This is an archive post that was originally published in 2014.
“Disney is the birthplace of imagination and has always been as close to the worldwide audience as any company ever has.”
For most children, it’s a magical land filled with princesses, fairies and magical castles. For Steven Spielberg though, Disneyland was the thing of nightmares. Taken there by his parents as a small child, the young Spielberg was traumatised by what he saw, his overactive imagination turning every ride, every attraction, no matter how innocuous, into something dark, disturbing, and yet, as he would confess years later, somehow pleasurable.
“My father took me to the Magic Kingdom in 1959. I was afraid of everything: the crazy eyeball of the sea serpent in the submarine ride; the witch from Snow White offering me a poison apple; Mr. Toad’s Wild Ride. Yet it was the kind of scary that tickles. It took me several trips back and a little more growing up before I recognised the twinkle in Mr. Disney’s eyes.”
The films scared him too (“I came screaming home from Snow White when I was eight years old and tried to hide under the covers,” he has confessed. “Between Snow White, Fantasia and Bambi, I was a basket case of neurosis.”), but the twinkle in Mr. Disney’s eyes continued to appeal to Spielberg as he turned from impressionable young kid into influential Hollywood film-maker. The two men share deep similarities, both insisting on the power of wonder and imagination, both exploring live action and animated film-making, both building empires and internationally beloved icons through their films. But the comparisons don’t end there.
For Spielberg, Disney and his films are deeply symbolic (of hope and innocence, both won and lost), and references are made time and again in many of his most celebrated films. In this piece, I look at those references and explore what they mean.
This isn’t strictly a direct Spielberg/Disney connection, but as Spielberg has a significant influence over the work of his composer, it’s well worth mentioning the similarities between John Williams’s Jaws theme and Frank Churchill’s Man theme from Bambi. I’m sure you need no reminders of Williams’s score, so etched into popular culture is it, but here’s the Bambi theme. We’re not talking about direct homage here, but there’s a clear link between Churchill’s looming, insistent strings and Williams’s, both in the use of two solitary notes and the way they gradually climb from something brooding and mysterious into something immediate and violent. It’s difficult to imagine Bambi wasn’t on both Williams and Spielberg’s mind here. Not only does the connection form a pleasing irony (for Bambi, man was the threat; for the people of Amity, it’s an animal), but both films focus on the death of innocence (think of Jaws‘s shocking Kintner boy death scene) and emotional maturity of the lead character. By incorporating a small bit of Bambi into Jaws, Spielberg and Williams quietly emphasise those points.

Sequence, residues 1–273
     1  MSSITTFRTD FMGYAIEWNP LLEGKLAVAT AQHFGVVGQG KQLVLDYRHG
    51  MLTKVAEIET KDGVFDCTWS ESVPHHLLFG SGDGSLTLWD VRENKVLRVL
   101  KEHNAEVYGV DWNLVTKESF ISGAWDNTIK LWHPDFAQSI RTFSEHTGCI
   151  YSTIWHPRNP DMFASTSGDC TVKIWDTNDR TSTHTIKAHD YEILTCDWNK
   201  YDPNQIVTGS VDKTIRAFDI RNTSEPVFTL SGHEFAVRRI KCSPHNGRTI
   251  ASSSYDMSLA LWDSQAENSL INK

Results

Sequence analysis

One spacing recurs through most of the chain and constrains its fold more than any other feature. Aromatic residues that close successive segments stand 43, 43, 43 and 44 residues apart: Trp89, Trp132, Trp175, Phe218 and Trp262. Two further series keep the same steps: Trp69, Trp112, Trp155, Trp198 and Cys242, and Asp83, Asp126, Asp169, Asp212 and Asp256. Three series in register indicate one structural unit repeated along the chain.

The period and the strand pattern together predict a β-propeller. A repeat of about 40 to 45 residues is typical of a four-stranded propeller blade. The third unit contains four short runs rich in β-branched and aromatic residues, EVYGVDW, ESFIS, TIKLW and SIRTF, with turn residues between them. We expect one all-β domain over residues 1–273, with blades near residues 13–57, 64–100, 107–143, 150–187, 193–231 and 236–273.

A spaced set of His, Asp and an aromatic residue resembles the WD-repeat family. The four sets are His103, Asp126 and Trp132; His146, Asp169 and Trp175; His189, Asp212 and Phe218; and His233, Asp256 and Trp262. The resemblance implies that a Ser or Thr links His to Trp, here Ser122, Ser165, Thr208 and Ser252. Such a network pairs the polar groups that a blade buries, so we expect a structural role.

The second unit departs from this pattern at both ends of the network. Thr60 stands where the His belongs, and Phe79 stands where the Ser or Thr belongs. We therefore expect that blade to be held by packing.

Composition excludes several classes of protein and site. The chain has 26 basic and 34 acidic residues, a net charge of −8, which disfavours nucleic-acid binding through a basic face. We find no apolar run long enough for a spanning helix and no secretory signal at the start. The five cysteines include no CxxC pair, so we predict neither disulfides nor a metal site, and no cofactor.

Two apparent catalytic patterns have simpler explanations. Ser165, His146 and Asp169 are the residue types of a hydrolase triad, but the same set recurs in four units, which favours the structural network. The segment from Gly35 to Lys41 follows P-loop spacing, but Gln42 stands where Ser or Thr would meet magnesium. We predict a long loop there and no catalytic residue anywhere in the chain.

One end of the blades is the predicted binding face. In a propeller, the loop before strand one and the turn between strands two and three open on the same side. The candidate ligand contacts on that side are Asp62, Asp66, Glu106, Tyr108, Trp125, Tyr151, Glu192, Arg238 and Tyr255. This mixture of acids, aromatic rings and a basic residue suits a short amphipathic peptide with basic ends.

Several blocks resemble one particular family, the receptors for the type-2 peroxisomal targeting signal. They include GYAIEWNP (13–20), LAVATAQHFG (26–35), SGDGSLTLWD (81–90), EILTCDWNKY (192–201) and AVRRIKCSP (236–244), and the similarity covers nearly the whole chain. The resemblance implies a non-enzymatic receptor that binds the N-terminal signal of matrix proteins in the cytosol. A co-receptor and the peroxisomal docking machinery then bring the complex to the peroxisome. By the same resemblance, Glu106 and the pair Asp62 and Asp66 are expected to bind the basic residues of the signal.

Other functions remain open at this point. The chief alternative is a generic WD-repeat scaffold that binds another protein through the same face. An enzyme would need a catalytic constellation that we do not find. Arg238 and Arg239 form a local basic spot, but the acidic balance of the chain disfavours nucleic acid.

Close Encounters of the Third Kind/Pinocchio
More than mere reference, the link between Close Encounters and Pinocchio is perhaps the strongest and most significant of any of the films on this list. This is no mere fleeting reference (though we do get that when Roy Neary tries to convince his kids to see a re-release of Pinocchio instead of playing Goofy Golf); instead, Spielberg weaves the Pinocchio, and the whole Disney ethos, into Close Encounters‘ tapestry. This is done, brilliantly, through the use of Leigh Harline and Ned Washington’s iconic ‘When You Wish Upon A Star’, which is quoted by John Williams in the film’s finale. “I pretty much hung my story on the mood the song created, the way it affected me emotionally,” Spielberg has said. Indeed, thematically, Close Encounters is very close to Pinocchio, with Roy being transformed into a “real boy” thanks to the sense of purpose and belief his alien visitations give him. Spielberg’s use of ‘When You Wish Upon A Star’ enriches this connection, and ultimately crystalises Close Encounters into what it truly is: not just a science fiction drama, but an urban fairy tale.
Innocence is the key in Spielberg’s third Disney reference. At the height of the madness in his much-maligned wartime comedy 1941, Spielberg takes us to a movie theatre, where General Stilwell is taking in a screening of Dumbo. We’re up to the scene where the crows sing ‘When I See An Elephant Fly’, and Stilwell’s having the time of his life, nodding his head in time with the beat and mouthing the lyrics. He has absolutely no concern for the chaos raging outside; when one of his men arrives to tell him of the rioting, he bats him away before telling another soldier, who’s standing guard, to move because he’s blocking the screen. It’s another moment of stupid comedy in a film stuffed it, but it also connects with something deeper. Spielberg’s not just satirising authority here, as he does in the rest of the film, he’s also sympathising with it. There’s something quite sad about Stillwell sat in the theatre like a child, desperately clinging to the only slim slice of innocence he can at this time of great peril and violence. Spielberg has called the Second World War “the death of the innocence of the entire world”, and in this small scene, in perhaps his weakest film, he hinted at themes he’d explore with much more success in the likes of Empire of the Sun, Schindler’s List and Saving Private Ryan.